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N.Y. City mayoral control remains major obstacle to Albany wrapup

ALBANY – Almost six months of deliberations in the grand chambers of the New York State Legislature are being finalized Wednesday in Gov. Andrew M. Cuomo's compact office on the second floor of the State Capitol.

That's where the governor and the three main legislative leaders continue to huddle today as they try to wrap up a relative handful of sticky issues on the last scheduled day of the 2017 session.

Several items remain unresolved, ranging from reform of economic development practices in the wake of indictments stemming from the Buffalo Billion and other projects, to efforts to extend mayoral control of New York City's public schools. As a result, nobody can yet predict when the final gavel will fall.

"We still don't have a deal, unfortunately, on mayoral control," said Sen. Jeffrey D. Klein of the Bronx, leader of the Independent Democratic Caucus. "But I am still optimistic."

After emerging from Cuomo's office soon after Senate Majority Leader John J. Flanagan Jr., Assembly Speaker Carl E. Heastie also described the process as "ongoing." He pointed to mayoral control as the chief obstacle, and made it clear he is uninterested in linking to it measures to encourage more charter schools that are popular among some upstate and Long Island representatives.

"I have had no discussions on charter schools. That's the Senate," he said. "We're not going to pass a bill that includes charter schools."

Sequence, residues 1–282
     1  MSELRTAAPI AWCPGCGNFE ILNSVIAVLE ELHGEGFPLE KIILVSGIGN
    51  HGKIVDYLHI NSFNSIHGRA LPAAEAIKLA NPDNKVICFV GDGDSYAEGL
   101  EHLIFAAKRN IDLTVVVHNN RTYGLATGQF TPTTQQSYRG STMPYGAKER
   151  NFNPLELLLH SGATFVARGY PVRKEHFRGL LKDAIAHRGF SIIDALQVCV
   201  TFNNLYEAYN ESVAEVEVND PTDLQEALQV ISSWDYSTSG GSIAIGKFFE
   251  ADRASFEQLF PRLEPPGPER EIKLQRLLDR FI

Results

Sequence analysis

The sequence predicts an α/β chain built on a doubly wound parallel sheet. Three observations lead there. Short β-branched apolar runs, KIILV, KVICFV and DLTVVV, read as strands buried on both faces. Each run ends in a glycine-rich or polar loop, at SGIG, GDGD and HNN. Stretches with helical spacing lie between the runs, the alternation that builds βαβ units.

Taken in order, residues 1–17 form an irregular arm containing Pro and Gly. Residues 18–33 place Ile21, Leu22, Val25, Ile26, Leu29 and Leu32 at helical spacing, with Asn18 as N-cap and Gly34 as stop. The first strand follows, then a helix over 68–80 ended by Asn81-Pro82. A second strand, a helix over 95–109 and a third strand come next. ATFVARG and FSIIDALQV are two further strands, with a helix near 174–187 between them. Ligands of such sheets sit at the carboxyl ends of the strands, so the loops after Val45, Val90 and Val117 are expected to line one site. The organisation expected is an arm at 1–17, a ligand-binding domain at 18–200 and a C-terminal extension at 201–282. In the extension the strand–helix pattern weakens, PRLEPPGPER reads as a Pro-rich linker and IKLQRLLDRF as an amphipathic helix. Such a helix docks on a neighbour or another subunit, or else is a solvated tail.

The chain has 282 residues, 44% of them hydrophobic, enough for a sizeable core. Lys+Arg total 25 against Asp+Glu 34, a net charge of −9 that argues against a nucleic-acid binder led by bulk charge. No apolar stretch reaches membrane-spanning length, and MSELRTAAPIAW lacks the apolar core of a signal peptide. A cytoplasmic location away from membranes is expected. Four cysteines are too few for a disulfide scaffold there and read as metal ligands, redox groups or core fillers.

Klein seemed to represent a feeling among most New York City legislators to continue granting school oversight in New York City to Mayor Bill de Blasio, as has been the practice for the past several years. But there has been no final agreement as some try to link other issues to its passage.

"It's important we have mayoral control, it works," he said. "Something as important as education should rest with the mayor of the city of New York."

He also said most discussions revolve around a two-year extension of that authority.

Flanagan and Klein said providing flood relief for ravaged communities along Lake Ontario and other communities remains a priority as bills passed by the Senate and Assembly now gain the governor's attention. Both said they are sure the relief bills bringing $90 million in aid will survive and eventually gain the governor's signature.

"All of us are on the same page," he said. "We have to help our state neighbors."

Another top priority among legislators such as Assemblyman Robin L. Schimminger, D-Kenmore, remains reform of the state's economic development practices. Several bills deal with issues such as creating a database of transactions, new oversight authority for the state comptroller, and more oversight of Cuomo's regional council system.

Klein said there has been discussion during the last two meetings. Heastie would not go that far.

"We have no resolution," the speaker said. "I wouldn't say there has been no discussion."

Heastie seemed to underscore the uncertainty of it all when he was asked about his agenda.

"I'm ordering ice cream for today," he said.

Flanagan may have been more optimistic when asked about the overnight disappearance of his stylish goatee.

"This is my end-of-session look," he said while rubbing his clean-shaven chin.

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